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National Study on the Effect of a Nutritarian Diet on Breast Cancer and Other Diseases
FLEMINGTON, N.J. October 31, 2016 -- The Nutritional Research Foundation (NRF), in partnership with Northern Arizona University (NAU), announces the launch of an ambitious national women’s health study to illustrate the impact of a nutrient-dense, plant-rich diet (NDPR), also known as a Nutritarian diet, on cancer, diabetes, heart disease and stroke. The study will also have a special focus on how a NDPR diet impacts breast cancer prevention and recovery.
Study organizers hope to recruit up to 10,000 women to participate, which will make this study one of the largest investigations of a dietary portfolio scientifically designed to prevent breast cancer. This diet emphasizes foods of high nutritional value, such as cooked and uncooked vegetables, beans, nuts, seeds and fruit, and places restrictions on the consumption of meat, dairy and processed foods. The study, known as the Nutritarian Women’s Health Study (NWHS), is a first-of-its-kind examination of a large population of women committed to eating so healthfully over a long time period.
Nationwide recruitment of participants begins October 31, 2016. Women who wish to learn more about the study and about how to register can visit www.nutritionalresearch.org.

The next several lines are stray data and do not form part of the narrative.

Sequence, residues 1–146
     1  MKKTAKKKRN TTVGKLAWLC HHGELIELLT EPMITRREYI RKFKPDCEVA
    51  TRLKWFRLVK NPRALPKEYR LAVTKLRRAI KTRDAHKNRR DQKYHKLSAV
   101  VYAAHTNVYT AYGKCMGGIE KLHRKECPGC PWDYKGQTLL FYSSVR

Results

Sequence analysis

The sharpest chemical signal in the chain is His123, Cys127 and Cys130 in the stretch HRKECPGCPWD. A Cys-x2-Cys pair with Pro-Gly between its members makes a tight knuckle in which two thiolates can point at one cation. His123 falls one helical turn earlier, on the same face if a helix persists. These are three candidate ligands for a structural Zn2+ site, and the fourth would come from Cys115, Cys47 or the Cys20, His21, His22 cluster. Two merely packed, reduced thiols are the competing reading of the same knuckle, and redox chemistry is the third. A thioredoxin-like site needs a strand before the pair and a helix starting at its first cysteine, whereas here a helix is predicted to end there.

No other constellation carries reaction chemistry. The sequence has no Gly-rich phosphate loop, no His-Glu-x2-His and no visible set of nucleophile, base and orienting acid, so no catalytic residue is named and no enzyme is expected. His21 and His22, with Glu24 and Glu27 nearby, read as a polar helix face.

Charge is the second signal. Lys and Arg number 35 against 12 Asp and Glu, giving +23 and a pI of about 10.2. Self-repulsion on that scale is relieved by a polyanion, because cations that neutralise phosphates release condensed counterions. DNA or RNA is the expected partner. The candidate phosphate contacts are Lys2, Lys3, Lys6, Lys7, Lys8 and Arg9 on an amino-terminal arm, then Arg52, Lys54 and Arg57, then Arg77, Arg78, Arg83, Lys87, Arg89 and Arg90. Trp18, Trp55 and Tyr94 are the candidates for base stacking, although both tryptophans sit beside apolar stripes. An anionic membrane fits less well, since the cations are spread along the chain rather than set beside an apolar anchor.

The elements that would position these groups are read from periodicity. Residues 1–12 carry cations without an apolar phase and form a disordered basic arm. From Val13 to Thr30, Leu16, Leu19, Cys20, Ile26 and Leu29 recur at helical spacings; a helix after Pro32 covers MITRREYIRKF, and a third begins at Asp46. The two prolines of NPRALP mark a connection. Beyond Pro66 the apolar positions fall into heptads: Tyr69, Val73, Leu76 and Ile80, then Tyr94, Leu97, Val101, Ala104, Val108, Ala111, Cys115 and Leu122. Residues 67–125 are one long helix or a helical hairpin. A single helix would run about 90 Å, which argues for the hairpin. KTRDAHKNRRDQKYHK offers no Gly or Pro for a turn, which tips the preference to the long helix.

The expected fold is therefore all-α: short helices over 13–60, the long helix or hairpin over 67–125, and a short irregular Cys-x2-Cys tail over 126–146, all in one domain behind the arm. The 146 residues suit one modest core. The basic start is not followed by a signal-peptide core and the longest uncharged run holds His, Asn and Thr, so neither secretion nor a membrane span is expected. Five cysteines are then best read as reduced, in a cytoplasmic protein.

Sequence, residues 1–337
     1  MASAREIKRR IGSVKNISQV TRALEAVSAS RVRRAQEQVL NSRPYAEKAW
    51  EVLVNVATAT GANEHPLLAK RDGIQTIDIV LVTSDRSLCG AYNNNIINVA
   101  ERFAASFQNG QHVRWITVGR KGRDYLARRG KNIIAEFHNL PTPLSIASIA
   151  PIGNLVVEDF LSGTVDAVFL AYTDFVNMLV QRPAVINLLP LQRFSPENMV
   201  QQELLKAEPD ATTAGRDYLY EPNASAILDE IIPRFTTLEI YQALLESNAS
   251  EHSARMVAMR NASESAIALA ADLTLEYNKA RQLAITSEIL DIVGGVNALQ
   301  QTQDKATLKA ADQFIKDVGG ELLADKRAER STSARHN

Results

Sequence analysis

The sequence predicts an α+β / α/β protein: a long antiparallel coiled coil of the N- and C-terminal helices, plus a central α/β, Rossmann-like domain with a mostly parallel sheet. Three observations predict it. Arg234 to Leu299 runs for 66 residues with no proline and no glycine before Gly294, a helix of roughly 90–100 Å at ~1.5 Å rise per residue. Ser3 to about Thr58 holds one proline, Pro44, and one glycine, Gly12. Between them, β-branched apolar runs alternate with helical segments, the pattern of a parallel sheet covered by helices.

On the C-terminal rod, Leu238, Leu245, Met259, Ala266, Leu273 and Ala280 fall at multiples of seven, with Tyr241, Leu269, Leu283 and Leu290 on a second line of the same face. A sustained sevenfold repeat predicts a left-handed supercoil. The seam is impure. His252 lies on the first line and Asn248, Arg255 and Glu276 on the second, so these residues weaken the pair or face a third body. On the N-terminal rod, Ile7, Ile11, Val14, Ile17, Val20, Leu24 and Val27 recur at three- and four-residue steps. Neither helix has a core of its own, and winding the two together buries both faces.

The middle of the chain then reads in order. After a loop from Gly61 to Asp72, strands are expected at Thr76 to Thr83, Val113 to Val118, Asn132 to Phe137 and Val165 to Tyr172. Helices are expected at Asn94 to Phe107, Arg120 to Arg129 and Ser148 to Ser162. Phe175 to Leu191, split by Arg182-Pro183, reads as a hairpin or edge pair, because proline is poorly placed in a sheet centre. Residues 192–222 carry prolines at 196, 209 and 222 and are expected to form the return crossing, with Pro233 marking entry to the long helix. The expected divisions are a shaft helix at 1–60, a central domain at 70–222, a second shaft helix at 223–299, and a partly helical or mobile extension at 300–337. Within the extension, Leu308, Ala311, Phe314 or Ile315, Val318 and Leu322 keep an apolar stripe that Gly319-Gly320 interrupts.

Researchers will examine the short- and long-term effects of diet and conservative use of specific cancer-protective supplementation on disease prevention, recovery from illness, and longevity. The open-ended, observational study will last a minimum of 10 years and will collect data tracking participants’ health parameters. The study aims to show that cancer is more reversible with nutrition when diagnosed earlier. Participants also will receive periodic questionnaires to assess their diet trends and health status.
Nutritional Research Foundation President, Joel Fuhrman, M.D., said, “Since the leading causes of suffering and premature death in the modern world are diseases caused by improper diet, I am confident that we can demonstrate that cancer rates and mortality from cancer and other diseases can be reduced 90 percent or more in those adopting a Nutritarian diet.”
“This research can move us from awareness to action, from disease to dynamic living, fear to freedom,” said study principal investigator Jay Sutliffe, Ph.D., R.D., an associate clinical professor at Northern Arizona University. He anticipates enrolling 5,000 women nationwide by the end of next year.
The Nutritional Research Foundation’s mission is to support and promote clinical research that evaluates the impact that a nutrient-dense, plant-rich diet and nutritional interventions has on disease. You can learn how to participate in this study or help support the Foundation’s critical mission by visiting NutritionalResearch.org.
FOR MORE INFORMATION CONTACT: Kimberly Melton, Executive Director, Nutritional Research Foundation at email@example.com or 888.511.4443.